Last month the Government concluded a consultation on the future of permitted development rights, the cornerstone of UK telecoms for the last thirty years.

The consultation took the unprecedented decision to remove permitted development rights, endangering much-needed investment in UK telecoms infrastructure.

In response, we sent the following letter to Ministers, Shadow Ministers and senior Government figures, asking them to take a second look at the consequences of the decision, and to think again:

To Whom It May Concern,

In 2016, I formed a Smart City telecoms infrastructure company, Maximus Networks Ltd. …


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5G is the next generation of mobile technology, promising ultra-fast download speeds and ultra-low latency. It will also be substantially more efficient than 4G, allowing mobile operators to offer customers more competitive data packages.

The UK’s biggest network, EE has announced plans to rollout 5G across sixteen major cities in 2019, with competitors Vodafone, Three and O2 planning to launch before the end of the year. In 2017, the Government unveiled its strategy for 5G, promising increased investment in the UK’s digital infrastructure.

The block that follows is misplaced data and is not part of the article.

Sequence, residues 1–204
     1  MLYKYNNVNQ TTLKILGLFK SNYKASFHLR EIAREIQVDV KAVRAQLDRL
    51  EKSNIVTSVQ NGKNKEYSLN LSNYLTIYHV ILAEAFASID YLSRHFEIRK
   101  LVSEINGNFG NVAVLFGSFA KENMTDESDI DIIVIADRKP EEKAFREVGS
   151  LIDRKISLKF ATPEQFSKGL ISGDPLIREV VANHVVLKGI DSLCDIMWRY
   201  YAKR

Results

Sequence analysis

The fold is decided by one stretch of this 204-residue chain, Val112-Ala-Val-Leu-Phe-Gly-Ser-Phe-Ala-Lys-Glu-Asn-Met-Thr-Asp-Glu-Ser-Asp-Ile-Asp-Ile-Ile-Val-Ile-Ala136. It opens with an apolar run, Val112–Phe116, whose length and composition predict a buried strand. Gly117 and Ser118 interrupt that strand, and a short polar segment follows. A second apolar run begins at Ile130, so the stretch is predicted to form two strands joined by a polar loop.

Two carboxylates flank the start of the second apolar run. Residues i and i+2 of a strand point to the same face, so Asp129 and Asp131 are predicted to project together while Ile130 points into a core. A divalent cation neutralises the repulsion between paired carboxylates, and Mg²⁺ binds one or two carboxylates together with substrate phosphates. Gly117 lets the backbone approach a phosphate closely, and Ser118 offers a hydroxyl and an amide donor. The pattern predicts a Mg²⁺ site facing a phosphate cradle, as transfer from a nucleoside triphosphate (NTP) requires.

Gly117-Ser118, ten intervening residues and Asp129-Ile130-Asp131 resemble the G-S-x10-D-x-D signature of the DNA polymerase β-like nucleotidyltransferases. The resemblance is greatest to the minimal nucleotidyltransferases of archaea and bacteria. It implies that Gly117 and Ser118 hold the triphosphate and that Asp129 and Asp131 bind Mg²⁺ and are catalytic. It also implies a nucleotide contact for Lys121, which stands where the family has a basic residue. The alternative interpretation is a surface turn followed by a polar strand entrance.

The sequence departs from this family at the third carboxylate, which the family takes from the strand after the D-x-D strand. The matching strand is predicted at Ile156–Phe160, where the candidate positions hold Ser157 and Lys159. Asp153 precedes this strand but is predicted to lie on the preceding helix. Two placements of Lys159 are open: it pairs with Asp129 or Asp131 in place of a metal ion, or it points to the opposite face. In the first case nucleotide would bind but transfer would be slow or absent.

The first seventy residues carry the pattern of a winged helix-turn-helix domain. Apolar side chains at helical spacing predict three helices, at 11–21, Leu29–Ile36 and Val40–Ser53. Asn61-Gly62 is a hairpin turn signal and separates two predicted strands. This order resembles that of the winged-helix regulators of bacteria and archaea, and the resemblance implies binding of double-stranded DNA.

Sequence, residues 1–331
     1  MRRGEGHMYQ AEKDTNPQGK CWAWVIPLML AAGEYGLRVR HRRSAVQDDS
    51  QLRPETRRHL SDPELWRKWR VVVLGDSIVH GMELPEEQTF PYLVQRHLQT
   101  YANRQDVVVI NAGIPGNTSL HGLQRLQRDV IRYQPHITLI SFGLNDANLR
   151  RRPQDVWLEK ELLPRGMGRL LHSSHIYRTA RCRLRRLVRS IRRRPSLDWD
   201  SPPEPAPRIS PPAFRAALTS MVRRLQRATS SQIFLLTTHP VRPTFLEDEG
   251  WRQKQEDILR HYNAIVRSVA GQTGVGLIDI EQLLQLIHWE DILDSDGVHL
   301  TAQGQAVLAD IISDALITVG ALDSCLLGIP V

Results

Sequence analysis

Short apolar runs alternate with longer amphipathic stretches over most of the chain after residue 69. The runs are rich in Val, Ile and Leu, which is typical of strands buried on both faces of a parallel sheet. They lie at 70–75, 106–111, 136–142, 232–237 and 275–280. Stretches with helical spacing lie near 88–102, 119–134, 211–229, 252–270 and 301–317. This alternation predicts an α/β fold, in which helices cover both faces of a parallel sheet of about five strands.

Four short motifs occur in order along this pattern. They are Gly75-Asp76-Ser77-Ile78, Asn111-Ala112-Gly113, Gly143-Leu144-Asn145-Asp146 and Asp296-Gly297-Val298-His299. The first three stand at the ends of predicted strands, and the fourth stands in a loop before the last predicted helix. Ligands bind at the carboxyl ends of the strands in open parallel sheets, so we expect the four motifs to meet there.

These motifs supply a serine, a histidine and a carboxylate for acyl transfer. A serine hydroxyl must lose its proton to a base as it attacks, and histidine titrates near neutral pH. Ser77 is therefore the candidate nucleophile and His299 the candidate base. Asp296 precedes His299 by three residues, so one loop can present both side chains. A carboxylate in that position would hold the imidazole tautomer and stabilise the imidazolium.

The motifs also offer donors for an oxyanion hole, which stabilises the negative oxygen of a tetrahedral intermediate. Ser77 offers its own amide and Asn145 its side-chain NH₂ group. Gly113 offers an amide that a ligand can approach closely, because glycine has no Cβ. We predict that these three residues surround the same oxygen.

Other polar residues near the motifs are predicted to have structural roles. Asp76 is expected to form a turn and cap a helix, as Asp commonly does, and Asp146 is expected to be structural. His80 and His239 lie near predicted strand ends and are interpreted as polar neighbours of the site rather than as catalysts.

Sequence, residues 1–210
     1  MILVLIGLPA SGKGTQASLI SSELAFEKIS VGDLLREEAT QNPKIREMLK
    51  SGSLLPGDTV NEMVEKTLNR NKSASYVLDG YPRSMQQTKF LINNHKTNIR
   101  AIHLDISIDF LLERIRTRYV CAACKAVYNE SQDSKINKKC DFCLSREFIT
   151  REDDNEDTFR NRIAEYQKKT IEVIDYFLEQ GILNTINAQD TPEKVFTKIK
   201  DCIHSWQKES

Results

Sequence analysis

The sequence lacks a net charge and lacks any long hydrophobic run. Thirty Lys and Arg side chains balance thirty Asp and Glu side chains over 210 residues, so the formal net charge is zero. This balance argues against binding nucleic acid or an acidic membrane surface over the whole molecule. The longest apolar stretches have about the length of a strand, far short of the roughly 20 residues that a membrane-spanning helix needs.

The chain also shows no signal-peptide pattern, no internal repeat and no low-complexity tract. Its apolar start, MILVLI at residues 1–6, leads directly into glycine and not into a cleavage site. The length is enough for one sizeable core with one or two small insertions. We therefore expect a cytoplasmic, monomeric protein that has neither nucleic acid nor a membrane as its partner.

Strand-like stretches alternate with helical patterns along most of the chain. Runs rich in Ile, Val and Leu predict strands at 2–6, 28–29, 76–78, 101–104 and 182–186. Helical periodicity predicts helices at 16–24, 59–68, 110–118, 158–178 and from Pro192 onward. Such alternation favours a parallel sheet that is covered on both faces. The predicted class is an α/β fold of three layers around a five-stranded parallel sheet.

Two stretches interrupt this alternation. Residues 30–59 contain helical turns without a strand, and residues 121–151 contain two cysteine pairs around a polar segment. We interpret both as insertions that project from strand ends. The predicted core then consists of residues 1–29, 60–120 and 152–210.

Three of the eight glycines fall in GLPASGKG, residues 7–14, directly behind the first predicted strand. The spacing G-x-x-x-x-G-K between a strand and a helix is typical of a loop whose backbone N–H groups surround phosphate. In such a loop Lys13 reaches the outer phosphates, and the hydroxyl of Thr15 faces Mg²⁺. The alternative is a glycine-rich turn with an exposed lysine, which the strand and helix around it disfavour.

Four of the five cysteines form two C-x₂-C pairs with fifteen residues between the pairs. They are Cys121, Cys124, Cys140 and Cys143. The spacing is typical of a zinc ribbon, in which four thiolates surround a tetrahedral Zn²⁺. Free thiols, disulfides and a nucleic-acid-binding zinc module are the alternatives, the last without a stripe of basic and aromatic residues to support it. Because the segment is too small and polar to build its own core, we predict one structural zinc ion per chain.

Changing the way we live and work

5G not only promises to change the way we interact with our smartphones, with download speeds up to 100x faster than 4G, but change the way we live and work as well. …


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With the ongoing MHCLG consultation, “Planning Reform: supporting the high street and increasing the delivery of new homes”, supported by a handful of councils, it is interesting to interrogate some of the motivations behind the objections of some local authorities.

We note with interest an article from the Institute of Engineering & Technology (IET) publication Engineering & Technology. It highlights the ‘5G street fight’ currently taking place and reveals the complex web of contracts and deals that some of the UK’s most high-profile councils have in place with current advertising and telecoms providers.

The article spotlights on whether or not these contracts have an influence on attitudes towards the rollout of the new kiosks. As the article states, many objections to proposed kiosks are based on legitimate concerns rather than commercial self-interest. Nonetheless, the lack of transparency around these contracts certainly raises equally legitimate questions that should be asked. …

About

Maximus Networks

An out-of-home smart city company

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